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Empress Wu Zetian: The only woman to rule China, and she is hated for it

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In more than 3,000 years of history, only one woman ruled China in her own right: a concubine who became the wife, then mother, of emperors before taking the throne. In this article today, we will learn how Wu Zetian broke away from the role of the typical woman in medieval China and ruled through strong, often brutal, leadership.

“Women should be led and others should follow” is a quote attributed to Confucius, a hugely influential Chinese philosopher, and teacher of the sixth and fifth centuries BCE. “A female ruler would be as unnatural as a rooster crowing at dawn.”

In medieval China, where most followed Confucianism, women could not be seen or heard. Their role was to stay at home and raise children; That a woman could hold any kind of power was unheard of. The idea itself was forbidden. That was until one woman turned everything on its head.

Her name was Wu Zetian, and for half a century she ruled China, in one form or another, ruthlessly eliminating any rivals to secure her authority and efficiently overseeing the governance, economy, and expansion of the empire. But she also became one of the most demonized and infamous people in the history of China.

Why? According to the male-dominated society, Wu was all-powerful, and women were supposed to have power in seventh-century China. Her life has been mired in controversy, as sources from time and years later scrutinize her with the brush of a cruel and despotic ruler. Most of the real Wu remains hidden under layers of prejudice. What is known for certain, however, is that she is the only woman to have ruled China in her own right.

Born in 624 AD—to a father who was a timber merchant and a mother in the Yang family—Wu was not raised in proximity to power. Although of lesser nobility, their family was relatively wealthy and the young daughter was given an excellent education. This served her greatly when she was called to join the imperial court at the age of 14 to be Emperor Taizong’s imperial concubine.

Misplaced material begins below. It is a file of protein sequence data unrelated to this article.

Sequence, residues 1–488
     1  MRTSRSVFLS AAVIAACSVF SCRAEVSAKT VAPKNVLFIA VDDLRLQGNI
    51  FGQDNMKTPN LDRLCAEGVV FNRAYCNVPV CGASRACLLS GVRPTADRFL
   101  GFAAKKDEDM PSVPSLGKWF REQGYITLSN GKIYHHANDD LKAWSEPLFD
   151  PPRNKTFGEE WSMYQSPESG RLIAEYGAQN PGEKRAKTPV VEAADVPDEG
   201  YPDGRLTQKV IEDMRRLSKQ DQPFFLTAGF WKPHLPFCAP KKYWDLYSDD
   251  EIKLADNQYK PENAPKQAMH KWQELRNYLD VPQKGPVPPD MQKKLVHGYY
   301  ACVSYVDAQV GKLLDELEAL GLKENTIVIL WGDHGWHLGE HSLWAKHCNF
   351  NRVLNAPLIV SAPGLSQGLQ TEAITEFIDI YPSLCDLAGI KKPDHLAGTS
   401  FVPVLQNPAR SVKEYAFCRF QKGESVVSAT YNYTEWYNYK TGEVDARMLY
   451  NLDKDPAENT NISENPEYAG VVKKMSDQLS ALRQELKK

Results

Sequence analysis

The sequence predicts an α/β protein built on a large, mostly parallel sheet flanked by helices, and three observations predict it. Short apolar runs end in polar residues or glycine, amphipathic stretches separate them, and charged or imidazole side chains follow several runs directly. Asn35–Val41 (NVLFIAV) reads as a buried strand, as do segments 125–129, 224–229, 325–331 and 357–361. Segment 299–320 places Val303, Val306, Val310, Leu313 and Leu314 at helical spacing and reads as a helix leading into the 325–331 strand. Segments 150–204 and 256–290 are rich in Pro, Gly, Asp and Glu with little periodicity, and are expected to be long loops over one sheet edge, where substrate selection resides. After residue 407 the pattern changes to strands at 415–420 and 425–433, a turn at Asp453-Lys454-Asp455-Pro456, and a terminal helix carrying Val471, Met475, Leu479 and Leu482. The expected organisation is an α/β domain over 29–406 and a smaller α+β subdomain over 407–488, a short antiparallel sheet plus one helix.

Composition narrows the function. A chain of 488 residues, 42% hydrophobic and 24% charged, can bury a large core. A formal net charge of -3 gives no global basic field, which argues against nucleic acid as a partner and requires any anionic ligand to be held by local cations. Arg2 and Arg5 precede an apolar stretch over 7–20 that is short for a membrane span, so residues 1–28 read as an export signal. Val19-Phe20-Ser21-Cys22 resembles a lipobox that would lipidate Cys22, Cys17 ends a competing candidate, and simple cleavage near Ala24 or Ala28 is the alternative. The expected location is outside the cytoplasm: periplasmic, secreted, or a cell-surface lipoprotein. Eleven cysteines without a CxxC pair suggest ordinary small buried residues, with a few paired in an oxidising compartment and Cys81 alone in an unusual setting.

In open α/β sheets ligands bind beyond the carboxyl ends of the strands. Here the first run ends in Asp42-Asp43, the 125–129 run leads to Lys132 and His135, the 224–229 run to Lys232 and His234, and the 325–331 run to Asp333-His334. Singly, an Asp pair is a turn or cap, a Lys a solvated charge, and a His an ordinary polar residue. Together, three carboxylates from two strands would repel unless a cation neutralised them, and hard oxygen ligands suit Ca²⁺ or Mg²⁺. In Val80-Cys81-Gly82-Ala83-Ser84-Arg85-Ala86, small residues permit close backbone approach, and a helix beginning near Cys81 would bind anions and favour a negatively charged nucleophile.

She remained a minor wife until Taizong’s death in 649 AD. The new emperor, Gaozong, had slept with Wu while her father was still alive, and while custom dictated that childless wives of a dead emperor should live their lives in a separate way. The exile of the religious institution, Wu, did not last long. Gaozong was so infatuated with her that he soon recalled Wu back to court.

Wu’s brutal rise to power

This is when Wu ushered in a monumental rise to power. She had her eyes set firmly on the prize of rising through the ranks of Gaozong’s concubines to the top. She had already given the emperor a child, proving—by the standards of the day—that she was more suited to the task of being empress than Gaozong’s wife. But the removal of Empress Wang, another of Gaozong’s favorite women, needed to be done if Wu was to see his rightful place.

If the story is true, her next move was exceptionally brutal. According to the official history (written with a reason to discredit Wu’s name), she murdered her infant daughter and blamed Wang, who was the last person to see and hold the child. Reportedly devastated, Gaozong banished his empress, soon followed by another favorite consort, who was accused of being an accomplice.

In 655 AD, while Wang was rotting in a cell, Wu was raised to empress and Gaozong had four sons and a daughter. To secure her position, she swiftly ordered that the two imprisoned women be executed as they could prove dangerous if left alive. Her hands and feet were cut off and her dismembered body was thrown into a vat of wine where she was left to drown.